Permalink to comment#

      Tommy – I completely agree with you. I don’t think I elaborated more on my point about support for IE6 during development. It SHOULD be handled from site to site depending on visits, demographic, etc, etc… I am merely stating that I don’t think a developer needs to code with IE6 in mind initially as there are a lot out there that still think they need to put every IE bug fix in there code from the beginning.

      If you write semantic code, there shouldn’t be a huge problem with trying to get a site to render appropriately in IE6. Basically what you stated, is exactly what I try to practice (and what others should start thinking about practicing). But you stated it much more eloquently than I. :-)

  4. Definitely a fun topic to discuss. I am with you on the fact that you should only be worried about your target audience. Why waste the time to code for the minority when you should spend your time on posting for the majority.

  5. One of the factors to remember when deciding on the width of a website design is that some people switch on side navigation bars reducing the space available for viewing the web page. The other factor is that some people prefer not to use the whole screen to view their browser. I keep my web pages down to 950px. I belive the reading experience on a webpage is enhanced by keeping the left to right reading action at a comfortable width, similar to a printed magazine.

    • Permalink to comment#

      Agree with this.

      For certain sites you can go as wide as you like but if there is any significant amount of text and reading to be done then “narrower” websites tend to be best.

      Imagine if these comment boxes were 1200 px wide for example…Would be a nightmare to read.

      That’s why even though most people have higher resolutions and bigger screens it’s not necessary for many sites to expand into the space. At the same time it is useful to have the space to work with and know it is viewable by the great majority. If you had a page high on images/showcases then it could be useful to take 1200 px or more for the display and have it work nicely for just about all your visitors.

      Presently I’m gradually designing my own blog and have the main content/text area at 600px and it feels just about right. With white space (I’m going fairly minimal) it’s about 900px in total.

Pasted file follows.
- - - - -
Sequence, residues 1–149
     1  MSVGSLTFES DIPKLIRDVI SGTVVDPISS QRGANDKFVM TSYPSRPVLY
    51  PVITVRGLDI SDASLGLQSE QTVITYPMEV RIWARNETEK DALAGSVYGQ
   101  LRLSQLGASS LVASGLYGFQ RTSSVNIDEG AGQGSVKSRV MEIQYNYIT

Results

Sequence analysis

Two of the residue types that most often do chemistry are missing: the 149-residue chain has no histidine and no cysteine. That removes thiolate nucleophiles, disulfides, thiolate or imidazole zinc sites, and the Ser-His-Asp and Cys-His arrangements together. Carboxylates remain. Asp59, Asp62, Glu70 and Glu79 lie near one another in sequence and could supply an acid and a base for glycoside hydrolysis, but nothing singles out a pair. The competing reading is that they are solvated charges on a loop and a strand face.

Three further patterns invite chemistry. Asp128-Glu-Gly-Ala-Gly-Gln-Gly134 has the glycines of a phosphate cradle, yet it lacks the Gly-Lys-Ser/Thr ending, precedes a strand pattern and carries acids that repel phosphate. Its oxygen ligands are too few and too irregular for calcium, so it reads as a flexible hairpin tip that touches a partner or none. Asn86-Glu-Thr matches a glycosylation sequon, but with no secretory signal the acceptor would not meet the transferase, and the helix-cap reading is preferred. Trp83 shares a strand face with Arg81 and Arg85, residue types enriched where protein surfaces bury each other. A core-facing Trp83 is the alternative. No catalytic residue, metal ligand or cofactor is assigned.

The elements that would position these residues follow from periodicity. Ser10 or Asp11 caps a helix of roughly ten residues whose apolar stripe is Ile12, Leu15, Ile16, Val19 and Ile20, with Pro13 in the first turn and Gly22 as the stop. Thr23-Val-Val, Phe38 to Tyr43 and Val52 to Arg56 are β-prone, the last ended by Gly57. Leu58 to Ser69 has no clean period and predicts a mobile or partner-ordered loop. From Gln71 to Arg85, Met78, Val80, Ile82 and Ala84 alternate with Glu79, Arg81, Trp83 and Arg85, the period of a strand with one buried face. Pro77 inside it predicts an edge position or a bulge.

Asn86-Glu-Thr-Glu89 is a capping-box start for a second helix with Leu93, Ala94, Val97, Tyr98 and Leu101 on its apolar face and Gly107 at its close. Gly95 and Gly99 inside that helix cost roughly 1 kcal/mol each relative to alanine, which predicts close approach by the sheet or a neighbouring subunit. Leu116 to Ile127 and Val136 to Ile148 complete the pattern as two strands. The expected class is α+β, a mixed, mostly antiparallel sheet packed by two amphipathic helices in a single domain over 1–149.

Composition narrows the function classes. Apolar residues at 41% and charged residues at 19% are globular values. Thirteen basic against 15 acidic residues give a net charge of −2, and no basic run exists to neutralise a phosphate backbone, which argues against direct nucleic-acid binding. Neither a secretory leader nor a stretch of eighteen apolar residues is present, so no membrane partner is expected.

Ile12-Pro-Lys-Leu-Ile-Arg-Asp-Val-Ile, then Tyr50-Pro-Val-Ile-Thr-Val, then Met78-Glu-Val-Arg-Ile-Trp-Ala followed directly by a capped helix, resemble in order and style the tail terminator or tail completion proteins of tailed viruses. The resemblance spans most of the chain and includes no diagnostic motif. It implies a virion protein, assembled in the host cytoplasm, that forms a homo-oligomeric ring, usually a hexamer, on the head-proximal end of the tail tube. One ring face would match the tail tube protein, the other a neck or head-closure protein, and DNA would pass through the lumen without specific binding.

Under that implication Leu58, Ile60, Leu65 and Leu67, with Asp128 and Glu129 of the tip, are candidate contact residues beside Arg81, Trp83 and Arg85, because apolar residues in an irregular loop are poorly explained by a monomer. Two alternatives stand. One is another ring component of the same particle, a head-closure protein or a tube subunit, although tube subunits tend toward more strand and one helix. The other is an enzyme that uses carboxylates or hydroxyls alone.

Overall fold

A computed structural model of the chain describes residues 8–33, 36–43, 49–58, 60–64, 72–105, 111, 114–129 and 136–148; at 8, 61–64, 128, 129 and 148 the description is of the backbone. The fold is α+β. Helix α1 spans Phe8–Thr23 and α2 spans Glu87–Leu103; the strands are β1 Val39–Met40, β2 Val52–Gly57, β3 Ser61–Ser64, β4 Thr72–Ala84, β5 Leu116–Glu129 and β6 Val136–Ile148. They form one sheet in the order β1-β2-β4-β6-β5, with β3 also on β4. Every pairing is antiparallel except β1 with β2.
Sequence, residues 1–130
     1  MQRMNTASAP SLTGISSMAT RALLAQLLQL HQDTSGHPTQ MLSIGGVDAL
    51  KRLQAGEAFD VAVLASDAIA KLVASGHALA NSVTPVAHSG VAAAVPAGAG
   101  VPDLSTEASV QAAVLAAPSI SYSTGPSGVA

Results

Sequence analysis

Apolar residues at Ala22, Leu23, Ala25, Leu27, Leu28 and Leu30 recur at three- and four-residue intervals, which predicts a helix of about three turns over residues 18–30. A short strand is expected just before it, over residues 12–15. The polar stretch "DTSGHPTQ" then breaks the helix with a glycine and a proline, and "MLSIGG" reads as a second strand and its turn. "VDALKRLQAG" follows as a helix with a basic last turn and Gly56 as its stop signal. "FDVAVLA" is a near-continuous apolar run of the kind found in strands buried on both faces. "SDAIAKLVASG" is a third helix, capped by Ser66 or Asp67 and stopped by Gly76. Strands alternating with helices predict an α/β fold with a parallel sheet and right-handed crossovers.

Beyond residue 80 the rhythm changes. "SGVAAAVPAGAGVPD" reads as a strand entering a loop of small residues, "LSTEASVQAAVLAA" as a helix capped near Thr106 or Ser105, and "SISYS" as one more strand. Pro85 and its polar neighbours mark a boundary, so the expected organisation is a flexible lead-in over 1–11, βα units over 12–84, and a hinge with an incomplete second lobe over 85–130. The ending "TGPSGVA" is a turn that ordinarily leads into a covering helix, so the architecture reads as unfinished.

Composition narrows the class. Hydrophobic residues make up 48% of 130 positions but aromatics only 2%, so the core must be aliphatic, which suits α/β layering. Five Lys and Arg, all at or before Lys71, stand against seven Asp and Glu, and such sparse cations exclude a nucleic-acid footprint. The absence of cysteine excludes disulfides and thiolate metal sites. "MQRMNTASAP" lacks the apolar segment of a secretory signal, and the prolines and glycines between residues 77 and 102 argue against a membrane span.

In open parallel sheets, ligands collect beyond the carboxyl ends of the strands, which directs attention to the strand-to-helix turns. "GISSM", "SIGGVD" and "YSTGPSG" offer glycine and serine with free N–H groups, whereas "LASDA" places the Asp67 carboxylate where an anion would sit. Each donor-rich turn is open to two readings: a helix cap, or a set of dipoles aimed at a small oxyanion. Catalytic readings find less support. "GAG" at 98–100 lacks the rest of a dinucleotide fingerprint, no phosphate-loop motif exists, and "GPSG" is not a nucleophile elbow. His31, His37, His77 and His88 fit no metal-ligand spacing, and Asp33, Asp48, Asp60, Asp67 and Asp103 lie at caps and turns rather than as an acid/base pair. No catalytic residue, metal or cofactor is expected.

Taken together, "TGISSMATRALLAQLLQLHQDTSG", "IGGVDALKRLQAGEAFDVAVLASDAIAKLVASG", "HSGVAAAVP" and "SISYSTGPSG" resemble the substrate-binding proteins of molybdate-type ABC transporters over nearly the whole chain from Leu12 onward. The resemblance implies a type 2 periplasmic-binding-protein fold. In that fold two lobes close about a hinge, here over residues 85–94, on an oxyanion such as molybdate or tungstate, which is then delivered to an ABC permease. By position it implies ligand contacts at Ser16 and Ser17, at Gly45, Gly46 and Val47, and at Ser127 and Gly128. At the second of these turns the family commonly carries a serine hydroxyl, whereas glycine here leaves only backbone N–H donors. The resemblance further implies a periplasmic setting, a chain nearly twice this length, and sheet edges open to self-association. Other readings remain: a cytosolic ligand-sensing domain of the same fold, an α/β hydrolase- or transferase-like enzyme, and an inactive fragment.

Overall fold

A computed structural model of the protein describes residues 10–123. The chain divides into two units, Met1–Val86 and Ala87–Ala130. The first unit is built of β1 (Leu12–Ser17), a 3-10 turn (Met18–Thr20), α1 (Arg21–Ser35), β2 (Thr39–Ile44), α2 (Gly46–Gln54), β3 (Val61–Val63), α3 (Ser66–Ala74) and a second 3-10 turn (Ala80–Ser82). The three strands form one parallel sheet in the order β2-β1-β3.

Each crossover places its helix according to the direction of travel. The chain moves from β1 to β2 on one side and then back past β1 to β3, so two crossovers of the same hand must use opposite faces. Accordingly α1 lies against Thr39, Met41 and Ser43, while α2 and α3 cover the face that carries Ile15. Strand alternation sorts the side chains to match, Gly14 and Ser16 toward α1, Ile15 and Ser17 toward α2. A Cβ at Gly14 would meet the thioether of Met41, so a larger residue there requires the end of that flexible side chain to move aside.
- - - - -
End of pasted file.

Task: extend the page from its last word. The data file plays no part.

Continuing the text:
• I’m with Diane and al. These large monitors are like spreads from a giant coffee table book in which you will find large photos and multiple column of text.

      Swap out “fool” with “design for” and Abe has a strong opinion on this one = )

      “You can fool all the people some of the time, and some of the people all the time, but you cannot fool all the people all the time.” – Abraham Lincoln

  6. You should be happy with the size you have and every one adapts to their own style and uses what they have to their ability. A large screen size is not an extension!

    ha, nice topic

  7. Sean
    Permalink to comment#

    The more I read about responsive design, the more I wonder if these sorts of stats and the discussions they spawn are soon to be a thing of the past.

  8. This post brings up a subject I’ve always been intrigued by: at what point do you stop supporting a feature? Only 5% percent of users are using IE6 is a fairly straight forward answer but, what if that percentage was 7%? Is there a good baseline established for what percentage of users to support and what not to?

    • Permalink to comment#

      I think it depends on the site.

      If you’re a popular business selling something then it makes sense to support as many browsers and users as possible because they are all potential customers.

      If your site is a personal blog about some obscure subject(s) and you see that a small number are using a browser that doesn’t work with your site or some of it’s functionality then it’s not worth your while to expend much effort.